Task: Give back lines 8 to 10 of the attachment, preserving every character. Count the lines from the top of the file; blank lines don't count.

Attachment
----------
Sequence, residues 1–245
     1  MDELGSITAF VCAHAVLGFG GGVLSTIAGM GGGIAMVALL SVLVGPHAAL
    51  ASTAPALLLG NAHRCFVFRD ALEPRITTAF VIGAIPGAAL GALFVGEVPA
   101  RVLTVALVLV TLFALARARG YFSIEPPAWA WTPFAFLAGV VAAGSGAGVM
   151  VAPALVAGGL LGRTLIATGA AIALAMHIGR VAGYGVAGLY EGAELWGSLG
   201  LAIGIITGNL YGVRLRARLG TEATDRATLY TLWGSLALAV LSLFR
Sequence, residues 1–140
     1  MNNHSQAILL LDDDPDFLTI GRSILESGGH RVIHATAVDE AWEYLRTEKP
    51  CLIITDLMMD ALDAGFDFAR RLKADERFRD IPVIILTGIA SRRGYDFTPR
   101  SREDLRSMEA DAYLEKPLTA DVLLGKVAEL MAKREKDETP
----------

     1  MNNHSQAILL LDDDPDFLTI GRSILESGGH RVIHATAVDE AWEYLRTEKP
    51  CLIITDLMMD ALDAGFDFAR RLKADERFRD IPVIILTGIA SRRGYDFTPR
   101  SREDLRSMEA DAYLEKPLTA DVLLGKVAEL MAKREKDETP